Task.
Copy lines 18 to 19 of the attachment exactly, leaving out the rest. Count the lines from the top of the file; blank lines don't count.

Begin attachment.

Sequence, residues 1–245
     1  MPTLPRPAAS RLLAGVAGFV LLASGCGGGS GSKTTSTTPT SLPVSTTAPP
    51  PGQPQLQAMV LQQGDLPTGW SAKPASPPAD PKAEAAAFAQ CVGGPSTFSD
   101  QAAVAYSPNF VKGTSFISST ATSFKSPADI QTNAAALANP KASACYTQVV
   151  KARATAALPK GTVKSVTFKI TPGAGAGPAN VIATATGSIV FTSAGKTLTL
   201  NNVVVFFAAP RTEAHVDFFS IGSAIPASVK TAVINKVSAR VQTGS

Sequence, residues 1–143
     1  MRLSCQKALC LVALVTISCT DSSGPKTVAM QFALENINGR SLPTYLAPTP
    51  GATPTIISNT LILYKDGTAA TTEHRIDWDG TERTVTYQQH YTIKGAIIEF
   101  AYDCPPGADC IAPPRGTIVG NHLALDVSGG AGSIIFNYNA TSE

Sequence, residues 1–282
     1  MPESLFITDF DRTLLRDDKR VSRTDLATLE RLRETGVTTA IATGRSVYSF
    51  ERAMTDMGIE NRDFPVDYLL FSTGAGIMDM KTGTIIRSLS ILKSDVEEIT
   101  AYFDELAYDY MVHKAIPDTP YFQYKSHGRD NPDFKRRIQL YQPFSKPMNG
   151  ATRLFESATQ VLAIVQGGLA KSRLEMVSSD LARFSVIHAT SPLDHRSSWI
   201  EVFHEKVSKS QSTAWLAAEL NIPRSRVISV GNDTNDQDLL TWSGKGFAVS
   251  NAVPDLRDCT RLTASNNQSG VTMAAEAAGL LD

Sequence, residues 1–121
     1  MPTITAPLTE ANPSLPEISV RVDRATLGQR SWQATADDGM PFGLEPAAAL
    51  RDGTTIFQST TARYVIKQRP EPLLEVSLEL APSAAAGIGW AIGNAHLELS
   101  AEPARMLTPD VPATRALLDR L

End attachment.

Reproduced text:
Sequence, residues 1–121
     1  MPTITAPLTE ANPSLPEISV RVDRATLGQR SWQATADDGM PFGLEPAAAL